Stranded on the job: Firey ‘couch surfed’ during floods
THE sight of Suncorp Stadium under deluge is one forever etched in the mind of former Ipswich firefighter Brad Moore.
While amazed at the surreal scene, it is that very moment which he said further highlighted the severity of Queensland's devastating 2010-11 floods.
Now, one decade on and 25 years into his career, the QFES Acting Superintendent reflected on the event which forever changed the Sunshine State - and tragically claimed 33 lives.
Mr Moore had only recently taken up rank as station officer at Brisbane's Roma Street prior to the floods.
His home, however, was in Ipswich - one he was unable to return to for more than a month.
"At that point in time I was trained in Level 2 Swift Water Rescue," he said.
"Anyone who had that training was called upon to potentially respond to incidents in their area or go to other areas to help out."
Immediate deployment to North Queensland, specifically Ingham, followed at Christmas 2010.
LOCAL NEWS: The day firefighters faced a wall of water
Visits to Halifax, Brisbane, St George, Dirranbandi and Condamine came soon after.
"We were sleeping on the floor of the ambulance station at Ingham," he said.
"Up until that point, it was quite weird for a city firefighter to hear that there's going to be these great big floods, we were probably more frightened than the locals."
His most precarious moment up north was not a swift water rescue specifically, but still an instance in which he and a colleague placed their lives in direct danger.
"We were guiding two electricity workers out to a post, we tried to paddle them out in the inflatable platform, but it was too much with their gear."
Instead, the two opted to wade through croc-infested waters flowing among sugar cane fields.
Their act of bravery was just another example of the many heroic tales to come from the floods.
"I went from sleeping in fire stations, sleeping in my car, I even couch surfed, it was wherever I could get a bed," Mr Moore said.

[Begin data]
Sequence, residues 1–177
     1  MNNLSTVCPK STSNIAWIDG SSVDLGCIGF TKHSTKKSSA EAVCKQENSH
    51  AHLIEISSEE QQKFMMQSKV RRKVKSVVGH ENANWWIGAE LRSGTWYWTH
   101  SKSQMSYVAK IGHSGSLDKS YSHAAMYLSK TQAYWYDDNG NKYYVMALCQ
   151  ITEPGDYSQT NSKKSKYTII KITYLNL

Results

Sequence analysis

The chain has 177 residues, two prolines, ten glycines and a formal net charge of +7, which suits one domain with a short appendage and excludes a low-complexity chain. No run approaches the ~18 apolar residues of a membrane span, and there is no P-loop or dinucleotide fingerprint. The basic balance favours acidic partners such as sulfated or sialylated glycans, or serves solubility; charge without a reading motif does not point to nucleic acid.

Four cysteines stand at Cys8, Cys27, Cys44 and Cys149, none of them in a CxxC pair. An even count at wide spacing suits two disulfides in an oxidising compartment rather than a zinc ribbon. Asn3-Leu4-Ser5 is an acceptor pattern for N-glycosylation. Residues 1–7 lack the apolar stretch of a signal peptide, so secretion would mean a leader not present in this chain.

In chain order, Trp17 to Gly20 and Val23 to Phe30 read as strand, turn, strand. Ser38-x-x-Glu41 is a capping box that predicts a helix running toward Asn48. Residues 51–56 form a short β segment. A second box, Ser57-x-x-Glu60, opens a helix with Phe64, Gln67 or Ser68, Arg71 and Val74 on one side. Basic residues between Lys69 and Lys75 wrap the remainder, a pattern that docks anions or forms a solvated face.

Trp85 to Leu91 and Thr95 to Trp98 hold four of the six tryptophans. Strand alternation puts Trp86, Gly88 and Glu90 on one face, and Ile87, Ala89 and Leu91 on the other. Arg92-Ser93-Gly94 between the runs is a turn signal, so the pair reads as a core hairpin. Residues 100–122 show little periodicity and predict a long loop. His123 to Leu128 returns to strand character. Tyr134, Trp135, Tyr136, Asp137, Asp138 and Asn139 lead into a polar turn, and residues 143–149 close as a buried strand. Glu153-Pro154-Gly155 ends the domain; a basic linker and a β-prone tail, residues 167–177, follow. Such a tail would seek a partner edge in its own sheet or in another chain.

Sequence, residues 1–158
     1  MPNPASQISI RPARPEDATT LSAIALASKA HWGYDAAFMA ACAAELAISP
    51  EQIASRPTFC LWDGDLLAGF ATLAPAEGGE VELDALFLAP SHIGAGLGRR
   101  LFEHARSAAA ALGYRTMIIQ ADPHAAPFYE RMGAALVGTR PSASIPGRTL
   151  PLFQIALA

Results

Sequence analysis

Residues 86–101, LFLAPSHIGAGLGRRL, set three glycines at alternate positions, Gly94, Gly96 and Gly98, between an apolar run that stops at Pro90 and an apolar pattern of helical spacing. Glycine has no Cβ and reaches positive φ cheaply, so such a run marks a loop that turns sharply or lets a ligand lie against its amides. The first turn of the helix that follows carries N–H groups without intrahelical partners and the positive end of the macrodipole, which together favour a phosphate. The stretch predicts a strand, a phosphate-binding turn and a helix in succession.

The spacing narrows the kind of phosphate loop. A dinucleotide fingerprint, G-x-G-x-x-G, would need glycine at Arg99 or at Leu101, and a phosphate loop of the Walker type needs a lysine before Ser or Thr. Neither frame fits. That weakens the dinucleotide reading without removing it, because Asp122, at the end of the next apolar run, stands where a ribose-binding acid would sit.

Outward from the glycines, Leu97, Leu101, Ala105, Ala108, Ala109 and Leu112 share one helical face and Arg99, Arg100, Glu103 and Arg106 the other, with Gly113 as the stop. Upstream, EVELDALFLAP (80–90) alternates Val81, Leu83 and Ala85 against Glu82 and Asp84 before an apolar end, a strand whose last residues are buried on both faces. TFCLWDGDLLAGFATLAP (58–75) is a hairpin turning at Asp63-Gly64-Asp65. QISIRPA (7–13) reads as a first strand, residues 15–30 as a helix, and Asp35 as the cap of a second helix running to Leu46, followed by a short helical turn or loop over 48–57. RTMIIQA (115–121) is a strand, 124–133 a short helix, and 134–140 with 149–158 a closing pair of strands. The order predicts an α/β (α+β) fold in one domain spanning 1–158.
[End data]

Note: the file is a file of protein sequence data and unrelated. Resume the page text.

"But I wasn't alone, a lot of fireys were doing long hours, working 24 hours straight."
"That's because we were in a circumstance we had never been in before, so we were just doing the best we could, and everyone was working to capacity."
Tragically, it was the retrieval of a young man who drowned in waist deep water near Brisbane that will forever haunt him.
"Having a family present while you're searching for a loved one always sticks in your mind, it always will."
It is, however, widely unknown just how varied the responsibilities of firefighters were during the unprecedented times.
"We were helping people move furniture to higher ground every day, rescuing people trapped in cars, trapped in their homes," Mr Moore said.
"But we also provided damage assessments to local and State Governments which detailed how many people had been displaced and shaped how the Governments responded."
"You could not have written a script for the different types of things you were exposed to during that time."
The introduction of motorised boats, child-sized life jackets and new technology also came as result of the floods.
"There have been a lot of leanings from our point of view."
While marred by tragedy, Mr Moore said he would never forget the outpouring of generosity from communities.
"When we were going around doing the damage assessments, you had these carloads of people turn up from everywhere and they would just walk up to a house and started helping out," he said.
"I've never seen something that big of a scale, where people's kindness was put on such display."